Resolution on Transparency and Accountability in Criminal Law

Resolution on Transparency and Accountability in Criminal Law

Summary

This resolution upholds the principles of transparency and accountability in government when it comes to the creation and enhancement of criminal laws.  The state of [insert state here] appreciates the vital role that criminal law plays in protecting public safety and ensuring justice for victims.  At the same time, given that criminal law entails the most coercive form of regulation a government can impose, it is critical that, before the body of criminal law in a state is modified, the proposal be fully vetted by lawmakers and the public and that only duly elected legislative bodies be empowered with the authority to criminalize conduct.  By requiring that legislation introduced which would create or enhance a criminal penalty so state in its caption, include a fiscal note that encompasses both state and local costs, and that all offenses be created and enhanced by democratically elected bodies rather than unelected bureaucrats, this resolution promotes a level of transparency and accountability that is proportionate to the serious consequences associated with criminal laws.

Model Resolution

WHEREAS, the number and breadth of criminal laws has grown dramatically in recent years at the federal level and in many states; and

WHEREAS, there are now more than 4,500 federal statutory crimes and thousands more regulatory crimes created by agency rulemaking; and

WHEREAS, as an example, in the last decade in Texas, an average of more than 40 new criminal laws and sentencing enhancements have been passed in each legislative session in the last decade, contributing to a body of law that now has more than 1,700 offenses, including felonies relating to harvesting oysters, and that certain Texas statutes allow agencies to impose criminal penalties for any violation of their rules; and

WHEREAS, there have been recent examples of members of Congress acknowledging they were unaware of what they were voting on, had not read the legislation before voting, and stating that Congress needed to pass the legislation so that it could later be determined what was in it; and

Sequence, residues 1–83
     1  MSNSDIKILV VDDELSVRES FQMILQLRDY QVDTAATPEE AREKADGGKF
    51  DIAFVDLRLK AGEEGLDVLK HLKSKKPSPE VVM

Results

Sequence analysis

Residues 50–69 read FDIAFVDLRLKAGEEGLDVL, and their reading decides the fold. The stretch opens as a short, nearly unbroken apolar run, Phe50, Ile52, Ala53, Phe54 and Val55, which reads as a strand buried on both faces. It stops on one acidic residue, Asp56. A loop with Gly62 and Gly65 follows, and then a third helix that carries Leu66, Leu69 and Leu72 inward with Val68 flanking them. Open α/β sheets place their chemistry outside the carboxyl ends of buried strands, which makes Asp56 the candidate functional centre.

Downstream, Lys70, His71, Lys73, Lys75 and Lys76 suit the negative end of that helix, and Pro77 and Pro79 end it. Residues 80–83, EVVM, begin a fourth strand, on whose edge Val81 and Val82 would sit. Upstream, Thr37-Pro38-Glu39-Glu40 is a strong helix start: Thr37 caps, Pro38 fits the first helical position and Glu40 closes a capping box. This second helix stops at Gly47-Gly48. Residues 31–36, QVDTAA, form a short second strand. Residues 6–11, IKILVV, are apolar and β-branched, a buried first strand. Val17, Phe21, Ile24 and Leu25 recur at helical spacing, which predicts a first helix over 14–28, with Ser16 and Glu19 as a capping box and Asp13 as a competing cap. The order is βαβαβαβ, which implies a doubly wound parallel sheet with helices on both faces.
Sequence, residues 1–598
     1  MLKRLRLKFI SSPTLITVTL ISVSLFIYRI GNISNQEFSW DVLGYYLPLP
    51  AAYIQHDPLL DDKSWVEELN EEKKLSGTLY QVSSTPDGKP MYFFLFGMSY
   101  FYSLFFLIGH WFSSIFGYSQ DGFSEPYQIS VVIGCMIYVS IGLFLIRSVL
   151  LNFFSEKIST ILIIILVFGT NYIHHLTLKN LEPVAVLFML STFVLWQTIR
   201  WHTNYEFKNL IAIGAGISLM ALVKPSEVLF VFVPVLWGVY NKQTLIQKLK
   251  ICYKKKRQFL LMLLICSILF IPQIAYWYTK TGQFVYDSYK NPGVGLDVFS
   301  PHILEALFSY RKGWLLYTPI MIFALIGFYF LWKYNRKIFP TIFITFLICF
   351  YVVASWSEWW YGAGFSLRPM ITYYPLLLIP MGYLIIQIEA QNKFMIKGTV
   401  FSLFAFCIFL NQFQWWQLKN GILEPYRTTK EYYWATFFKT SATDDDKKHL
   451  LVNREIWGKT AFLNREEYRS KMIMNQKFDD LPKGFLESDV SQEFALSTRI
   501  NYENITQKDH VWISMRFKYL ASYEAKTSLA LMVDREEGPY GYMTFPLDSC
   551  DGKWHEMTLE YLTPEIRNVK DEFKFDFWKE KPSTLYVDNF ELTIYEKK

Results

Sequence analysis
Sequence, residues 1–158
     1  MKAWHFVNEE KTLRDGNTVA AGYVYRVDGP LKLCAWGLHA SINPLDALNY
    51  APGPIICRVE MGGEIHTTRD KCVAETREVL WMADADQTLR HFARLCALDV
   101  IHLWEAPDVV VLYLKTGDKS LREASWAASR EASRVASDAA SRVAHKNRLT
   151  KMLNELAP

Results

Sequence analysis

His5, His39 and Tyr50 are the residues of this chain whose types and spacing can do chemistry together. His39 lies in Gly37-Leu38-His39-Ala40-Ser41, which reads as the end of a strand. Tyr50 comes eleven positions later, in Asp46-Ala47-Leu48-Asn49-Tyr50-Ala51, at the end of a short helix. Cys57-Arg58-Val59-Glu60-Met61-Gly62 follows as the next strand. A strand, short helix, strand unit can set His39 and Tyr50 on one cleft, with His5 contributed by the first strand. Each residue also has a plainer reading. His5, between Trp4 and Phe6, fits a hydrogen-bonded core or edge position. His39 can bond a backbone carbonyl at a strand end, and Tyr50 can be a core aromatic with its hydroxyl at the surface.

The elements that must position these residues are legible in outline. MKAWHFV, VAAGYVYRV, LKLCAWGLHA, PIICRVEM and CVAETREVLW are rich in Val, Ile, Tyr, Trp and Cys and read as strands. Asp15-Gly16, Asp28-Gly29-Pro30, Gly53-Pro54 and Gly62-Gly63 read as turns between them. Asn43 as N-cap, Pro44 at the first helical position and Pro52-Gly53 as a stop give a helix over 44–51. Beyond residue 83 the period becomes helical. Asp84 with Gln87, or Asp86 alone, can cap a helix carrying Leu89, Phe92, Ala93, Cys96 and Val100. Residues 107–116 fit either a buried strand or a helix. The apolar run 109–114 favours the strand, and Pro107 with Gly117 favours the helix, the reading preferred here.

WHEREAS, many federal and state proposals that create and enhance criminal penalties do not include a comprehensive fiscal note that reflects the estimated costs to both the public and private sectors, including corrections, courts, prosecutorial expenses, public defenders and appointed counsel for indigent defendants, law enforcement, compliance costs for businesses, and other costs; and

WHEREAS, the creation of new criminal penalties is often obscured because these penalties are buried in legislation that is thousands of pages such as the convoluted Dodd-Frank bill enacted by Congress; and

WHEREAS, federal and state agencies have created thousands of regulatory crimes based on purported implicit authority provided by catch-all statutory provisions allowing agencies to impose criminal penalties for violations of their rules which apply to conduct that has never been expressly criminalized by a statute duly enacted by the appropriate legislative body; and

WHEREAS, when conduct not expressly criminalized by statute can be criminalized on a daily basis by federal and state agencies, it is difficult if not impossible for individuals and businesses to keep track of the ever-growing body of criminal law; and

WHEREAS, the gravity of criminal law demands that those democratically elected policymakers who are directly accountable to the public determine what constitutes criminal conduct and that this power not be delegated to unaccountable bureaucrats; and

NOW, THEREFORE BE IT RESOLVED, that the state of [insert state here] shall require that all legislation creating or enhancing a criminal penalty so indicate in its caption; and

BE IT FURTHER RESOLVED, that all legislation creating or enhancing a criminal penalty be accompanied by a comprehensive fiscal note that sets forth the estimated costs to both the public and private sectors, including corrections, courts, prosecutorial expenses, public defenders and appointed counsel for indigent defendants, law enforcement, compliance costs for businesses, and other costs; and

BE IT FURTHER RESOLVED, that the state of [insert state here] shall not enact statutes that provide agencies with the power to criminalize violations of their rules unless the conduct involved is expressly prohibited by a legislatively enacted statute and that any existing catch-all statutes that purport to delegate criminal lawmaking to agencies be repealed or revised accordingly.

 

Approved by ALEC Board of Directors on January 15, 2012.

Keyword Tags: Justice Performance Project Task Force, Overcriminalization